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The CDC has its likely plan for who gets a coronavirus vaccine first

On Tuesday, a bipartisan and bicameral group of congressional representatives announced that they had come up with a coronavirus relief plan. That $908 billion package includes $16 billion for distribution of a vaccine, which is good, because we're getting closer and closer to release for three potential vaccines.

How exactly to distribute a vaccine to 330 million people is up to a panel called the Advisory Committee on Immunization Practices (ACIP), which is comprised of 14 medical and public health experts. The group voted Tuesday on a rollout plan, which is remarkable because the Food and Drug Administration (FDA) has not yet even approved the promising vaccines.

According to the ACIP's plan, vaccine distribution will work in phases, with priority status given to those most vulnerable, like the elderly, front-line workers, and people who are immunocompromised. After that, the most risk-tolerant populations (young people, able-bodied people, people who are not essential workers) will have access to the vaccine.

Specifically, per the plan the panel approved Tuesday, health care workers are first in line to be vaccinated during what's been dubbed Phase 1a, along with nursing home residents and staff members. That's about 21 million workers and 3 million older people and long-term care facility staff who would get the vaccine first. Next in line, per the ACIP's preliminary plan, are other essential workers (about 87 million people), those with "high-risk medical conditions" (about 100 million people), and older adults (about 53 million people). The panel will vote on specific priorities among those groups at future meetings.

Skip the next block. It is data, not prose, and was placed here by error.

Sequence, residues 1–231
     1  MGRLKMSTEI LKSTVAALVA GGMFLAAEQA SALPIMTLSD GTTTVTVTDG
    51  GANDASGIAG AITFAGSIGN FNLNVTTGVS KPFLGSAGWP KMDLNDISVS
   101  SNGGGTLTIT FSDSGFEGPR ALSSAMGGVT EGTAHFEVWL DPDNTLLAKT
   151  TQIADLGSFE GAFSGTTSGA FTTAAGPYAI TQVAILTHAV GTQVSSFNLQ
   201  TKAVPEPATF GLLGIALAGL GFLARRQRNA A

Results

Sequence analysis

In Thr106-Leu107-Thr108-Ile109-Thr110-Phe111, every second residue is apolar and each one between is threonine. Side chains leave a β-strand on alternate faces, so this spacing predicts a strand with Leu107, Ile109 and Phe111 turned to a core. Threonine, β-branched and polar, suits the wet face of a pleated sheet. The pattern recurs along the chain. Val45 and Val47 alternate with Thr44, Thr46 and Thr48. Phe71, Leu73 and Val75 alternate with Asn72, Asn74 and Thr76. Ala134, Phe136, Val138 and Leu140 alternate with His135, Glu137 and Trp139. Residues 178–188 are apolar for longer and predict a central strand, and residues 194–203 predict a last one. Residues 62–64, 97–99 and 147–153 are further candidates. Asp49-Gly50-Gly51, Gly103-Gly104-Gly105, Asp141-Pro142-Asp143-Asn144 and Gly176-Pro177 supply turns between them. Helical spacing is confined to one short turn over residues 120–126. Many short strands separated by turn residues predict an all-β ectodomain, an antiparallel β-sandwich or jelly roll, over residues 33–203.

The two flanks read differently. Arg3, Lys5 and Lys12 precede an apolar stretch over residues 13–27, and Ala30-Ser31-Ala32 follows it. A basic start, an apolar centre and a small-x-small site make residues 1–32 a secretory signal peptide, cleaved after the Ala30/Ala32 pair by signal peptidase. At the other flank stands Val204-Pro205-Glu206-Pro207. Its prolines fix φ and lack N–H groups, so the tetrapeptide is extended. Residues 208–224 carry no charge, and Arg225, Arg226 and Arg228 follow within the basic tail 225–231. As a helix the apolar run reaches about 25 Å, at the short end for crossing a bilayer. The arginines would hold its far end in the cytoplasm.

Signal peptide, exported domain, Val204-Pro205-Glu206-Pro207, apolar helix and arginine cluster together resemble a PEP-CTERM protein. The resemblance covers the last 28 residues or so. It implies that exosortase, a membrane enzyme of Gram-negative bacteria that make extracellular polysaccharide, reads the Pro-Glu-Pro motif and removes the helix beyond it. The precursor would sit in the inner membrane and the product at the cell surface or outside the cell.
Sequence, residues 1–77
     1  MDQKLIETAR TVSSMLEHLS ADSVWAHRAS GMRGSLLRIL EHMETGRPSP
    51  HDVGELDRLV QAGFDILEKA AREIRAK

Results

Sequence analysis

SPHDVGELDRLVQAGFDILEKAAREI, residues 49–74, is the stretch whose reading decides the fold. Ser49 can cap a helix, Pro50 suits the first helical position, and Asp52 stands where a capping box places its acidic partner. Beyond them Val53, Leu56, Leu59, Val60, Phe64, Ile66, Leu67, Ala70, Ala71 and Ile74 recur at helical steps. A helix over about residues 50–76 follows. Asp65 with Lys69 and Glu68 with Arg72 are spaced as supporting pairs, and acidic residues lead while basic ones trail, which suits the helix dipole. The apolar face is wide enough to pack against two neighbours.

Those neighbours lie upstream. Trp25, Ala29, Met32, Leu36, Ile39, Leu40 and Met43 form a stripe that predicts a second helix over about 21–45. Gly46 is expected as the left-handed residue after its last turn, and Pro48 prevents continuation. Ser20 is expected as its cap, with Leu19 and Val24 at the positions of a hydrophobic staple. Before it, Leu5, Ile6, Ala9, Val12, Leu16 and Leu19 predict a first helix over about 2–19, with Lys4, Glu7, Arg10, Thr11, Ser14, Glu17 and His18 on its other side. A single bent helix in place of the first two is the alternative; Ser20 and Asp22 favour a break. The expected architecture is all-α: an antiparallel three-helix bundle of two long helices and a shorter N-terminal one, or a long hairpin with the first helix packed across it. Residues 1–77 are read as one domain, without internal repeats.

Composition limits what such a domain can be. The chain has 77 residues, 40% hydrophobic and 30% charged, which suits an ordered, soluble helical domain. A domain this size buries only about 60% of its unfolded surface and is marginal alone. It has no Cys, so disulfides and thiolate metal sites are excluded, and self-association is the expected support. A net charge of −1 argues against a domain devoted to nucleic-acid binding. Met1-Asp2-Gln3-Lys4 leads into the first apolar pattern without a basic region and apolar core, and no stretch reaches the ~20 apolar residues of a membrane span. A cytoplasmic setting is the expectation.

For now, the plan that was approved Tuesday will be submitted to the Centers for Disease Control and Prevention. If the agency approves the recommendations, that will be the nation's official plan for vaccine distribution, and states will begin operating under those guidelines.

But even with three companies producing vaccines in record time, there aren't enough doses to immediately meet the needs of those who are most vulnerable. According to The Washington Post, "U.S. officials anticipate having about 40 million doses of vaccines from Pfizer and biotech firm Moderna by the end of the year." That number alone would barely meet the task of inoculating that first group of health care workers, because there's a big catch: A full vaccination requires two shots, or two doses, of the vaccine.

In any year, pushing out a national health strategy would be a bureaucratic nightmare, but this year is something else entirely, given how high the stakes are and how inadequate the funding is. "I can tell you, in my opinion, this is the most weighty vote we have given in my seven years on the committee," Jose Romero, the ACIP’s chairman and the Arkansas secretary of health, told the Post.

But even with Tuesday's vote on the distribution plan, whether or not the vaccines get where they need to go is a matter of funding. States have been asking for federal support for months, as even the rainy day funds have gone dry. States will submit orders for vaccines by Friday, CNN reported.